A recent study investigated the effects of diet on the symptoms of benign prostatic hyperplasia. The researchers found that men on diets rich in fruits and vegetables – especially herbs, dark vegetables and tomatoes – had fewer BPH symptoms and their condition was less likely to get worse. Researchers believe that the result is not just a particular nutrient, but rather a balance between diet and a healthy lifestyle.
Fruits and vegetables contain high levels of anti-inflammatory substances, such as antioxidants, polyphenols, vitamins, minerals and fibers. Strong evidence indicates the ability of these foods – which are rich in potent phytonutrients – to reduce the risk of developing BPH.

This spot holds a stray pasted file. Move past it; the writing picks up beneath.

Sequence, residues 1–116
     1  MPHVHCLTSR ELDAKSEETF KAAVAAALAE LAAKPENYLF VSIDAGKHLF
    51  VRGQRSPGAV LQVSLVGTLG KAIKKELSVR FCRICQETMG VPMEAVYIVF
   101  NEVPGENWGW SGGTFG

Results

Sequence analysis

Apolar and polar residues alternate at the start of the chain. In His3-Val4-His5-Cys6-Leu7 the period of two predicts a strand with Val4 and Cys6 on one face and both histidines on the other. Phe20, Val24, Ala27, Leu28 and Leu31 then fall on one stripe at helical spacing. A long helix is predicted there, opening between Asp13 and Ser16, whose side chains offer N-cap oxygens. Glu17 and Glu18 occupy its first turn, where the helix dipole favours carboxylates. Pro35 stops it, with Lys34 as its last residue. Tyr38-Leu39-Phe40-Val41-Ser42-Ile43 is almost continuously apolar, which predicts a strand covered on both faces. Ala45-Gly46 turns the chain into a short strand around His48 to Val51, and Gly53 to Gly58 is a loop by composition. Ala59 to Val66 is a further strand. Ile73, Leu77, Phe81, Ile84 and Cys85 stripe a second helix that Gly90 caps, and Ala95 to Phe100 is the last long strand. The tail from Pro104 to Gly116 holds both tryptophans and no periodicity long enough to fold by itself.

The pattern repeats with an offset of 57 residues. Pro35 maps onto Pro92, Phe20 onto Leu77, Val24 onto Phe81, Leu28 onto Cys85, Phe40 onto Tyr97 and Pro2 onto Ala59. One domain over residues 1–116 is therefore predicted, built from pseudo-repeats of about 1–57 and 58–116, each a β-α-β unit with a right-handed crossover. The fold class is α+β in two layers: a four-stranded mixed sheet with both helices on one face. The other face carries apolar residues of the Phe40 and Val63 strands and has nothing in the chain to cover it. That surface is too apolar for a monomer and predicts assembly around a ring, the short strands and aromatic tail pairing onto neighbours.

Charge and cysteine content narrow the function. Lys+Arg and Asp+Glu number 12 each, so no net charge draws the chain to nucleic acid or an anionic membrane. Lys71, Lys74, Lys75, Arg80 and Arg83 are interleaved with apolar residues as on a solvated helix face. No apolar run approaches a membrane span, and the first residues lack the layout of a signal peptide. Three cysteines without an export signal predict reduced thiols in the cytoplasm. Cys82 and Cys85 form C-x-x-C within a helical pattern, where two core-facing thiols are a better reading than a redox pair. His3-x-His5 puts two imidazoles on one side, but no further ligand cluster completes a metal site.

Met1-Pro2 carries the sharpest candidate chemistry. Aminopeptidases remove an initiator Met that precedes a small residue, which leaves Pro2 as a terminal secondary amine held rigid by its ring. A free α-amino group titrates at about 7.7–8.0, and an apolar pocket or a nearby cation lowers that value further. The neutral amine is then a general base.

Likewise, natural polyphenols have been gaining more and more public interest lately. This could be attributed to emerging evidence suggesting their role in preventing various diseases involving free radicals and reactive oxygen species.
Polyphenols are the most antioxidant abundant foods and are common constituents of many plant sources, including fruits, vegetables, seeds, nuts, chocolate, wine, coffee and tea.
More than 8,000 identified polyphenols are present in food and have been found to play an important role in maintaining human health, but those with a direct connection to the prostate’s health include:
- Sesame and pumpkin seeds
- Green tea
- Red grapes, apples, turmeric
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